Belgium 1991Belgium

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Belgium
Belgium 

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Belgium - Introduction 1991
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Background: Belgium became independent from the Netherlands in 1830 and was occupied by Germany during World Wars I and II. In the half century following, it has prospered as a small, modern, technologically advanced European state and member of the European Union. Its unique political circumstance is the long-standing differences between the wealthier Dutch-speaking Flemings of the north and the poorer French-speaking Walloons of the south, differences that are becoming increasingly acute.


Belgium - Geography 1991
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Location

Geographic coordinates

Map reference

Area

Land boundaries:
1,385 km total
France 620 km, Germany 167 km, Luxembourg 148 km, Netherlands 450 km


Coastline: 64 km

Maritime claims
Continental shelf: not specific
Exclusive fishing zone: equidistant line with neighbors (extends about 68 km from coast)
Territorial sea: 12 nm

Climate: temperate; mild winters, cool summers; rainy, humid, cloudy

Terrain: flat coastal plains in northwest, central rolling hills, rugged mountains of Ardennes Forest in southeast

Elevation

Natural resources: coal, natural gas
Land use

Land use: arable land: 24%; permanent crops: 1%; meadows and pastures 20%; forest and woodland 21%; other 34%, includes irrigated NEGL%

Irrigated land

Major rivers

Major watersheds area km²

Total water withdrawal

Total renewable water resources

Natural hazards

Geography
Note: majority of West European capitals within 1,000 km of Brussels; crossroads of Western Europe; Brussels is the seat of the EC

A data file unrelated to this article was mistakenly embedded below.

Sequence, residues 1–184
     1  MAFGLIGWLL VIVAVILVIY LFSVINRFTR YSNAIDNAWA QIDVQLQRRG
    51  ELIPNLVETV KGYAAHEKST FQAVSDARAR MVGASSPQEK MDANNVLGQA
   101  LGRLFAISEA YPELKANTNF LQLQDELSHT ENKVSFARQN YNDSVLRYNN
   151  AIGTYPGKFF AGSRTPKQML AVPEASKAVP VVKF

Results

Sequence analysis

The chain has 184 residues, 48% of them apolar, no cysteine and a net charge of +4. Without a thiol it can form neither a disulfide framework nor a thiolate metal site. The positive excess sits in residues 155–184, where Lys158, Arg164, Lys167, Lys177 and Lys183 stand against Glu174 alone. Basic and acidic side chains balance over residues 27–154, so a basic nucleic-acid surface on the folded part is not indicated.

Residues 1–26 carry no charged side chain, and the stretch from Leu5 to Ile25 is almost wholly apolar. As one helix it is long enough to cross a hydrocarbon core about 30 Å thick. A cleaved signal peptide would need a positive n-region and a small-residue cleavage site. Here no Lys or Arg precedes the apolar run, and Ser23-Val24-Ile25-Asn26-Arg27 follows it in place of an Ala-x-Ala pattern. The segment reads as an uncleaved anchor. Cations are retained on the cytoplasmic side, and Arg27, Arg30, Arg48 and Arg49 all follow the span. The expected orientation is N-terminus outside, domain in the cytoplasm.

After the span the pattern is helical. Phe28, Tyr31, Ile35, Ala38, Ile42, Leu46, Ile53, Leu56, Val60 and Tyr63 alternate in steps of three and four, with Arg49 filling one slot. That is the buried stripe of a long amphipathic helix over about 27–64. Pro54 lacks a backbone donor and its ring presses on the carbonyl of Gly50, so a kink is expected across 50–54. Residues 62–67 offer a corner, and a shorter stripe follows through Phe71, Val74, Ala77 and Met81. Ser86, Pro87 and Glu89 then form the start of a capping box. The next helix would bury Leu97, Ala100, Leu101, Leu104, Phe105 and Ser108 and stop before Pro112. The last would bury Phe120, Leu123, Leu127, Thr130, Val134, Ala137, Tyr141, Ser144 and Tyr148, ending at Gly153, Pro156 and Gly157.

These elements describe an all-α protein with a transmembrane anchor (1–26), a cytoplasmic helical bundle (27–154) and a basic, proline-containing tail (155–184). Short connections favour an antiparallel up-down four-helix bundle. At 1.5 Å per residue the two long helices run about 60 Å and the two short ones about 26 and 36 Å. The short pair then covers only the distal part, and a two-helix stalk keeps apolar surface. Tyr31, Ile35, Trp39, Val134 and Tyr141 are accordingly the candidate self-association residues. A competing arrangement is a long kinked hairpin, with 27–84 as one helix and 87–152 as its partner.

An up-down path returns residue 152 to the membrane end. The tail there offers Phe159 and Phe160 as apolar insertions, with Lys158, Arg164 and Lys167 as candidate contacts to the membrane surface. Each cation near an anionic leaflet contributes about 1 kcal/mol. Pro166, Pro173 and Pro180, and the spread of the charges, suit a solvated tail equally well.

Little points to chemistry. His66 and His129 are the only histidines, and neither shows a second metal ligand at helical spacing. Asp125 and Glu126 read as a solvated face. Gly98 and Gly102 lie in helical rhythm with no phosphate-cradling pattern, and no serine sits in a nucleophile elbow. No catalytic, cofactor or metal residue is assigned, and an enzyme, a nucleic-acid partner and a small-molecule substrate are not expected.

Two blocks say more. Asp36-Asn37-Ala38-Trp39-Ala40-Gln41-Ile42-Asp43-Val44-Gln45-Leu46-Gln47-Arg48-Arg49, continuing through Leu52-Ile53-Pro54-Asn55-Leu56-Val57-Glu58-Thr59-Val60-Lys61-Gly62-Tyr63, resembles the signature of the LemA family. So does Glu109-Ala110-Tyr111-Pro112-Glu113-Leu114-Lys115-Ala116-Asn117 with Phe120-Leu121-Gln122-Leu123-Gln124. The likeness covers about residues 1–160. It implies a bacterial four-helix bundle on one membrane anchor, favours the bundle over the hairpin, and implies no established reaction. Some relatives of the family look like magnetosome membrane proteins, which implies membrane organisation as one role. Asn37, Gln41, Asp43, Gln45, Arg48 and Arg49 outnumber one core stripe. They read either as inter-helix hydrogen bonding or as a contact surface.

Belgium - People 1991
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Population: 9,921,910 (July 1991), growth rate 0.1% (1991)

Nationality: noun--Belgian(s; adjective--Belgian

Ethnic groups: Fleming 55%, Walloon 33%, mixed or other 12%

Languages: Flemish (Dutch) 56%, French 32%, German 1%; legally bilingual 11%; divided along ethnic lines

Religions: Roman Catholic 75%, remainder Protestant or other

Demographic profile
Age structure

Age structure

Dependency ratios

Median age

Population growth rate

Birth rate: 12 births/1000 population (1991)

Death rate: 11 deaths/1000 population (1991)

Net migration rate: 0 migrants/1000 population (1991)

Population distribution

Urbanization

Major urban areas

Environment
Current issues: air and water pollution

Air pollutants

Sex ratio

Mothers mean age at first birth

Maternal mortality ratio

Infant mortality rate: 6 deaths/1000 live births (1991)

Life expectancy at birth: 74 years male, 81 years female (1991)

Total fertility rate: 1.6 children born/woman (1991)

Contraceptive prevalence rate

Drinking water source

Current health expenditure

Physicians density

Hospital bed density

Sanitation facility access

Hiv/Aids

Major infectious diseases

Obesity adult prevalence rate

Alcohol consumption

Tobacco use

Children under the age of 5 years underweight

Education expenditures

Literacy: 99% (male NA%, female NA%) age 15 and over can read and write (1980 est.)

School life expectancy primary to tertiary education

Youth unemployment


Belgium - Government 1991
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Country name: conventional long form: Kingdom of Belgium

Government type: constitutional monarchy

Capital: Brussels